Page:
The national literature of Iceland holds a distinct and eminent position in the literature of Europe. In that remote and cheerless isle, separated by a wi de and stormy ocean from the more genial climates of southern lands, religion and learning took up t heir tranquil abode, before the south of Europe had yet emerged from the mental darkness which followed the fall of the Roman Empire. There the unerring memories of the Skalds and Sagamen were the depositories of past events, which, handed down from age to age in one unbroken line of historical tradition, were committed to writing on the introduction of Christianity, and now come before us with an internal evidence of their truth, which places them among the highest order of historical records.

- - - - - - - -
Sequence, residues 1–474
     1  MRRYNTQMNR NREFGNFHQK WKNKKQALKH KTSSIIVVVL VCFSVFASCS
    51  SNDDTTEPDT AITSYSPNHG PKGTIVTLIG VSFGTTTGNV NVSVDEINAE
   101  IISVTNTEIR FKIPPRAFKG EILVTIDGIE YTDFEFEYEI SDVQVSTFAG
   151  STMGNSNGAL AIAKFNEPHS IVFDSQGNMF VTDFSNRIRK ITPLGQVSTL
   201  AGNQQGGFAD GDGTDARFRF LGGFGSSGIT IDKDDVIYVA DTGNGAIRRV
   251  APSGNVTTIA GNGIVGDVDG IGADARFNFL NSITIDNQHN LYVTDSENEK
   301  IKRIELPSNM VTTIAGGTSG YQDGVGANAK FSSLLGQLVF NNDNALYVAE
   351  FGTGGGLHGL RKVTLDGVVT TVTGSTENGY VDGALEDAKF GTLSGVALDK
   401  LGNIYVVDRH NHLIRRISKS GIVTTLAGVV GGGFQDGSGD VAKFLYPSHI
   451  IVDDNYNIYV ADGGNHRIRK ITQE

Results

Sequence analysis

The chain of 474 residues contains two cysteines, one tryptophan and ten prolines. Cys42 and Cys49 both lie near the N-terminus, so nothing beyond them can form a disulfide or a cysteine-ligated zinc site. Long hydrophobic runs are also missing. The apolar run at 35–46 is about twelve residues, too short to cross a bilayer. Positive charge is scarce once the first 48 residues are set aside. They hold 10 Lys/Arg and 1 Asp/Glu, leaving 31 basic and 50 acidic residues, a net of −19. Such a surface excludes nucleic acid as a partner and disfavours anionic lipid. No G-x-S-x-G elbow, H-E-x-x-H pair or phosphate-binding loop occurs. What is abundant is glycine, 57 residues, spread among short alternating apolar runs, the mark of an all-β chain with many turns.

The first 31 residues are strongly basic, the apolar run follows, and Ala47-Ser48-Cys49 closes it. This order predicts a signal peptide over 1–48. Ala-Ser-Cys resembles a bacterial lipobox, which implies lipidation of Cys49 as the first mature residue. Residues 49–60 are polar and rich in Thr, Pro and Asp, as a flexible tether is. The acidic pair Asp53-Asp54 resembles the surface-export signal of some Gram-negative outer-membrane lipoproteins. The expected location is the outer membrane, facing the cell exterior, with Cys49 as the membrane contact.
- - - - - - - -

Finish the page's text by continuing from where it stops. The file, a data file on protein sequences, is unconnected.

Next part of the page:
To investigate the origin of this remarkable advancement in mental culture, and trace the progressive steps by which Icelandic literature attained an eminence which even now imparts alustre to that barren land, is an object of interesting and instructive inquiry, and will, it is presumed, form an acceptable introduction to the per usual of the ancient Icelandic manuscripts, which constitute the text of the present volume. The author has, therefore, availed himself of an able essay by Bishop Muller on this interesting subject, to put before his readers, in a concise form, the leading characteristics of that peculiar state of society, which generated these evidences of peaceful and civilized pursuits, and gave birth to productions, which, like their own Aurora, stood forth the Northmen’s meteor in the shades of night!
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